A joint study conducted by an International team of researchers has discovered world's oldest known frog trapped in amber in Myanmar. The study published in this week's Nature's Scientific Reports.
The research was funded jointly by National Natural Science Foundation of China, the National Geographic Society, the Chinese Academy of Science, the University of Florida and the Fundamental Research Funds for the Central Universities.
The study has revealed that frogs have lived in forest regions at least 99-million-years ago. More research on this fossilized evidence could help scientists to know how frogs migrated from forest regions to tropical areas.
David Blackburn, the associate curator of herpetology at the Florida Museum of Natural History and the co-author of the study said in a statement that these ancient frog fossils are well preserved in an amber and even the small bones are also easily detectable.
"This is pretty special. But what's most exciting about this animal is its context. These frogs were part of a tropical ecosystem that, in some ways, might not have been that different to what we find today – minus the dinosaurs," Blackburn added in the statement.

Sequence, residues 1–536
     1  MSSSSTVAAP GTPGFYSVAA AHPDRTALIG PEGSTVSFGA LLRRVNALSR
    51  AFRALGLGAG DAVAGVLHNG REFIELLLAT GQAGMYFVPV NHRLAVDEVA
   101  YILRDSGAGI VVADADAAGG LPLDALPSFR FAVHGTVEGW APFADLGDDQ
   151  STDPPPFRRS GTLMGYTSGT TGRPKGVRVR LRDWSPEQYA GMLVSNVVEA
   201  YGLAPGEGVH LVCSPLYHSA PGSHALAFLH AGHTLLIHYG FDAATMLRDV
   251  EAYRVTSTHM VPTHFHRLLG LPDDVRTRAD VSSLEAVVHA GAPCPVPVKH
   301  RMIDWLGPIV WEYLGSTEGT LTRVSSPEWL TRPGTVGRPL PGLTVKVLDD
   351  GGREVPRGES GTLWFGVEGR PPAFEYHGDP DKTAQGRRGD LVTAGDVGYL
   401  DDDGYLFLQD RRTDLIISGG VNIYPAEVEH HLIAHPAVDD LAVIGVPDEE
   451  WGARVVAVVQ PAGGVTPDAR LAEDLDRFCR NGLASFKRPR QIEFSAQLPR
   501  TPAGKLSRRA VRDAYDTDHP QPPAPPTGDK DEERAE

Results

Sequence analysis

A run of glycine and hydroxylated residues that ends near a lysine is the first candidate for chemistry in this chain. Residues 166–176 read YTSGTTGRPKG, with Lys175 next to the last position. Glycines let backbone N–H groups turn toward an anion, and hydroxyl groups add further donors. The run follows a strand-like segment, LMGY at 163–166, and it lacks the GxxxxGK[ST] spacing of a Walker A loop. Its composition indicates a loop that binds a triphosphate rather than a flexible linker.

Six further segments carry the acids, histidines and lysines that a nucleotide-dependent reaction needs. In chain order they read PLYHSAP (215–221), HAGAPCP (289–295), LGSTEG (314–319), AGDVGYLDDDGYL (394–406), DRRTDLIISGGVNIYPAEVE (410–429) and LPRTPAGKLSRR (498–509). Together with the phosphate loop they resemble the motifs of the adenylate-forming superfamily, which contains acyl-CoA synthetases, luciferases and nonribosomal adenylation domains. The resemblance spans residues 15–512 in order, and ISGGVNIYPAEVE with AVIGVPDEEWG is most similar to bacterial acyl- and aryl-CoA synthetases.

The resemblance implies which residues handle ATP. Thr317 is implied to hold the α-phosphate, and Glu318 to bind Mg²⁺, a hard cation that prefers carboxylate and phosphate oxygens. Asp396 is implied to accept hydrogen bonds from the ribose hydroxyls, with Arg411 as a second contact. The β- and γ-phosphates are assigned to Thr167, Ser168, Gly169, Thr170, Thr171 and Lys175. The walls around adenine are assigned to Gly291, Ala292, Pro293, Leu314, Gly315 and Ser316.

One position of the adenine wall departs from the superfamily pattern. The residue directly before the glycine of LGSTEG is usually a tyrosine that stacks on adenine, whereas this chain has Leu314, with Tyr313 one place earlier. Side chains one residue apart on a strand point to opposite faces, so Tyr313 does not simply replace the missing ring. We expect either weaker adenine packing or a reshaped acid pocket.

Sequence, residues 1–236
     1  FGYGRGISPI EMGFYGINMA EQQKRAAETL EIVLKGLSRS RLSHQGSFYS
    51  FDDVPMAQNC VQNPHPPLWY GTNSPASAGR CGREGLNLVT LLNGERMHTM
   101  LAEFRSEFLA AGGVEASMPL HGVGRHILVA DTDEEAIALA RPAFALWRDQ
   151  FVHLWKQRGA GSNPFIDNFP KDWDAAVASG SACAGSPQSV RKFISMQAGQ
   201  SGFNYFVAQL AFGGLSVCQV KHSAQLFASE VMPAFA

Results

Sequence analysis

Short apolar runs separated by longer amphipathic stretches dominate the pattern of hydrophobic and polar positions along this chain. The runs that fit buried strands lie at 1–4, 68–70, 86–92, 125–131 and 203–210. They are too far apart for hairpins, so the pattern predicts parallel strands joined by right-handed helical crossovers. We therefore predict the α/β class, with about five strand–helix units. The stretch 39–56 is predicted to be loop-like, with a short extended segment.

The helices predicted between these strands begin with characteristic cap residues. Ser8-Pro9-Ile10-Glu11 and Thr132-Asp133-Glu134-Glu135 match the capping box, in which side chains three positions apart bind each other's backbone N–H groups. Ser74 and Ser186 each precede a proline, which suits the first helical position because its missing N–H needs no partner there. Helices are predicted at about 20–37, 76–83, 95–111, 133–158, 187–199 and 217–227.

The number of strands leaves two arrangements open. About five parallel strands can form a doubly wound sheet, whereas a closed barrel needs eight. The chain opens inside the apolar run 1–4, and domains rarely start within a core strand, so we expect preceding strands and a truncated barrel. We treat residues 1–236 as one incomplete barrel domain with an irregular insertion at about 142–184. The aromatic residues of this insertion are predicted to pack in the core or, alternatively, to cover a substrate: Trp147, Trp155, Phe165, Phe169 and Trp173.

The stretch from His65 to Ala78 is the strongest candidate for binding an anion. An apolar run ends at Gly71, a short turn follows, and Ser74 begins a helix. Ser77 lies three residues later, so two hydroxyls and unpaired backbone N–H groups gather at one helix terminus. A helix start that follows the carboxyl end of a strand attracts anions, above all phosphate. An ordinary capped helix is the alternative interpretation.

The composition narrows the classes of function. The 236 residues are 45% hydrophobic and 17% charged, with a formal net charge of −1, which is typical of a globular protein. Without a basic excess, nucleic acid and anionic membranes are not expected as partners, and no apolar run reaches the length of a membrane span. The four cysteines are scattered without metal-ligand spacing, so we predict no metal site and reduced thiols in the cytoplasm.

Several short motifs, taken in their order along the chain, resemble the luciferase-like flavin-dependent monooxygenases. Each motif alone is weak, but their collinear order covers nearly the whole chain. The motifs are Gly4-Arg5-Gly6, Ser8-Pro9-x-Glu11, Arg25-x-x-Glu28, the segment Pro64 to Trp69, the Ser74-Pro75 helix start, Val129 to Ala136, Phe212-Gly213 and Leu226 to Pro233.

Scientists have named these extinct frog species 'Electrorana limoae'. Experts believe that frogs have been there on earth for at least 200 million years, but glimpsing their early heyday is always a very difficult task. As frogs are small and lightly built, their fossils do not tend to preserve well, and only in rare cases, frog fossils get trapped in amber.
Previously, similar fossilized frogs inside amber were found in the Dominican Republic and Mexico and those fossils were only about 40 and 25 million years, respectively.
"Ask any kid what lives in a rainforest, and frogs are on the list. But surprisingly, we have almost nothing from the fossil record to say that's a longstanding association," added Blackburn.
The fossil discovered in Myanmar is pretty well preserved and all the structures of the frog including its skull, forelimbs, backbone, and hindlimb are clearly visible in it. Experts believe that studying more about Electrorana limoae's bones will help to understand more about its living relatives on earth.